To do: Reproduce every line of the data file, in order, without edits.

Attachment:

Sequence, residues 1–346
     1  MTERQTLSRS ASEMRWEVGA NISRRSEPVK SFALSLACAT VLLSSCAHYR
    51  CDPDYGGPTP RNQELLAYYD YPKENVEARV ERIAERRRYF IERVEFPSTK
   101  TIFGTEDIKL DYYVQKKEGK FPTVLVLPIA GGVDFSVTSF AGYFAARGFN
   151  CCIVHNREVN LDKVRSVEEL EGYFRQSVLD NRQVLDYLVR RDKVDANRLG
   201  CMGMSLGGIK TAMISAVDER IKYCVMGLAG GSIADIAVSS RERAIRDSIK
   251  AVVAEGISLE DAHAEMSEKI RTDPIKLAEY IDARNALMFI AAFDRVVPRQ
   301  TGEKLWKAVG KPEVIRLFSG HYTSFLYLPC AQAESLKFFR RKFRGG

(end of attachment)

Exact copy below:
Sequence, residues 1–346
     1  MTERQTLSRS ASEMRWEVGA NISRRSEPVK SFALSLACAT VLLSSCAHYR
    51  CDPDYGGPTP RNQELLAYYD YPKENVEARV ERIAERRRYF IERVEFPSTK
   101  TIFGTEDIKL DYYVQKKEGK FPTVLVLPIA GGVDFSVTSF AGYFAARGFN
   151  CCIVHNREVN LDKVRSVEEL EGYFRQSVLD NRQVLDYLVR RDKVDANRLG
   201  CMGMSLGGIK TAMISAVDER IKYCVMGLAG GSIADIAVSS RERAIRDSIK
   251  AVVAEGISLE DAHAEMSEKI RTDPIKLAEY IDARNALMFI AAFDRVVPRQ
   301  TGEKLWKAVG KPEVIRLFSG HYTSFLYLPC AQAESLKFFR RKFRGG